Crawl Space Waterproofing Fairmont TN

The crawl space has an integral role towards a home’s overall value as well as the living space above. Most homeowners in Fairmont Chattanooga  don’t think twice about their crawl space unless they have to make repairs to plumbing, heating ducts or house wiring. While often thought of as no more than a storage area, it also has a tremendous impact on the overall indoor air quality of the entire home.

crawlspace mold

The Best Crawl Space Repair In Fairmont TN

By default, the air quality of a crawl space is typically poor. Mold, mildew, radon gas and poor energy efficiency all create several problems. The air that circulates within it eventually makes its way up through the living space. Scientific studies show that up to 50% of living space air originates from the lowest level of the home. With homeowners more concerned about their home’s indoor air quality, the encapsulating of crawl spaces has become a popular solution for such problems.

A damp crawl space creates a safe harbor for harmful molds, in addition to dust mites, termites and other bugs that can infest the home. The presence of excessive moisture will also create a serious problem with the probability for the wooden structure of a home to deteriorate. Crawl space vents pose a further problem. While believed to be a solution to moisture problems, they, unfortunately, make the problem worse. As it turns out, the vents allow cold air and moisture in, which rises into the living area and therefore decreases the heating efficiency of the entire home.

Another all-too-common problem associated with crawl spaces is radon gas. Though it cannot be seen, smelled or tasted, radon is a radioactive gas that can contribute to poor health, including cancer. Radon gas makes its way through the earth, into the crawl space and the home’s living space. According to the U.S.E.P.A., radon gas is the number one leading cause of lung cancer in non-smokers.

Ignoring these various conditions is not recommended for both long-term health and energy usage. Fully encapsulating a crawl space – by both sealing and insulating – is a fully efficient measure in addressing such problems. It makes sense to maintain and improve the lower level area in order to maximize healthy living conditions and home resale value.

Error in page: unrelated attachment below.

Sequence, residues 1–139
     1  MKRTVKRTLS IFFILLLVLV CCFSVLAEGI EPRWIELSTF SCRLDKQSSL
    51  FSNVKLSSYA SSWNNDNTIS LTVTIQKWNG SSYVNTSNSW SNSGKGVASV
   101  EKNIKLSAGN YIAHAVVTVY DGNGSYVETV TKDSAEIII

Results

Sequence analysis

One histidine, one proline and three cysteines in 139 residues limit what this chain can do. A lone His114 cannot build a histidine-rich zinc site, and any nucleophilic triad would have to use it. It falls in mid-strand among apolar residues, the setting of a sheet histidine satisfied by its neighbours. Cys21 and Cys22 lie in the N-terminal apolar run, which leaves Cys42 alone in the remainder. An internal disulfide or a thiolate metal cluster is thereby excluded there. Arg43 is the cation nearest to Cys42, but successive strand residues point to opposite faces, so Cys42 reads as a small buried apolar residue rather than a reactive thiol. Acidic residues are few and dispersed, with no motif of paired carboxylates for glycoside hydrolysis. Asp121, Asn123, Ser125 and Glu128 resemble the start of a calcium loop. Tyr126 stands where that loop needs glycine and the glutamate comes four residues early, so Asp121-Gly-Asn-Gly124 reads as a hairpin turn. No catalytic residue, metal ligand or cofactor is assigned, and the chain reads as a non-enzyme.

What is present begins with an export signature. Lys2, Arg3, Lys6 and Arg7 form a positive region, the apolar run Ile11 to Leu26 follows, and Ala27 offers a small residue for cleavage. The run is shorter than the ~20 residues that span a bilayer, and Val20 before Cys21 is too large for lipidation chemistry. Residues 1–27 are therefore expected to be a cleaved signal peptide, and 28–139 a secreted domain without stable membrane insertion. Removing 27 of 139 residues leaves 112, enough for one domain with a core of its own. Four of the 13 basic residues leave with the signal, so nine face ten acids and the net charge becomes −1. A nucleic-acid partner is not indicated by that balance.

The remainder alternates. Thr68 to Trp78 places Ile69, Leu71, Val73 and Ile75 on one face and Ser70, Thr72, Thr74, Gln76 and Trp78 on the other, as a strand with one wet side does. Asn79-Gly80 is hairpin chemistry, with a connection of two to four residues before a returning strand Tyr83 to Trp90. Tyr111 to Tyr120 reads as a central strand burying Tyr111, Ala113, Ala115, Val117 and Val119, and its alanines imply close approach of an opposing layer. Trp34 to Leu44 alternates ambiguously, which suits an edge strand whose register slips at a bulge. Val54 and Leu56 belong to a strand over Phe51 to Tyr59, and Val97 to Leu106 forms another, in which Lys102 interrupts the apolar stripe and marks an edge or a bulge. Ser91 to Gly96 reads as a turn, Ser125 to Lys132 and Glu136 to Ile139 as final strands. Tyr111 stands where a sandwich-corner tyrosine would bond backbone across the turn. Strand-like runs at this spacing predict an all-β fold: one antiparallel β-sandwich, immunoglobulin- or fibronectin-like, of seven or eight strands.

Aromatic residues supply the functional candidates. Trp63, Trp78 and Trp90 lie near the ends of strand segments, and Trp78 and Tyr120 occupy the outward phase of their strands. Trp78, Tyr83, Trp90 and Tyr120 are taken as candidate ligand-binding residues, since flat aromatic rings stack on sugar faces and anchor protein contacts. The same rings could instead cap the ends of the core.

While there are several systems for encapsulating, a zero perm liner system that also insulates and reflects heat provides the most benefits. With a proper floor and wall liner, the area will not only be well insulated but will seal out moisture, bug infestation, and radon gas. Other components to look for in a system include a radon gas-dispersing drain fabric, a radon gas ventilation pipe, and a ceiling heat shield.

A complete system with all of the above components will allow any soil gasses – including radon gas – that naturally occur under the liner system, to wick through the drain fabric and escape out through the ventilation pipe. While improved indoor air quality is the primary benefit of a sealed and insulated crawl space, the homeowner will also appreciate a bright, clean, and dry storage area; the ridding of musty smells; less energy usage; and tax credits. Contractors encapsulating crawl spaces will have more to offer to their clients when they can assure the peace of mind with improved indoor air quality.

mold in crawl space under house

Basement Waterproofing Contractors - Make Sure They're Busy

Installing a crawlspace vapor barrier is not rocket science. It is not physically difficult. Whether installing a quality vapor barrier in a vented crawlspace or doing a complete crawlspace encapsulation, it only takes a little time, a little patience and a willingness to crawl around on your hands and knees for a couple of days.

Where to Buy a Crawlspace Vapor Barrier

There are many places to purchase a crawlspace vapor barrier. An on-line search will provide contact information many retailers. And the products they offer vary from inexpensive clear plastic to woven and coated fabrics much like swimming pool liners. The inexpensive liners can also be purchased from many hardware stores and home centers.

What Vapor Barriers Are Available

The inexpensive vapor barriers will do the job but it's been our experience that they tear easily, don't stay in place, and become brittle and crack after four to five years. But they are inexpensive.

The alternative is to spend a couple times more initially and purchase a product with a twenty five year warranty. The reinforced or woven products require no more time to install than the inexpensive shorter-lived products.

The real question is whether an installer wants to spend a couple of days crawling around in a damp crawlspace every four or five years, or wants to spend a little more initially and have an installation that is maintenance-free and will last for decades. Personally, it makes more sense to me to do it right the first time and be done with it.

Installing the Vapor Barrier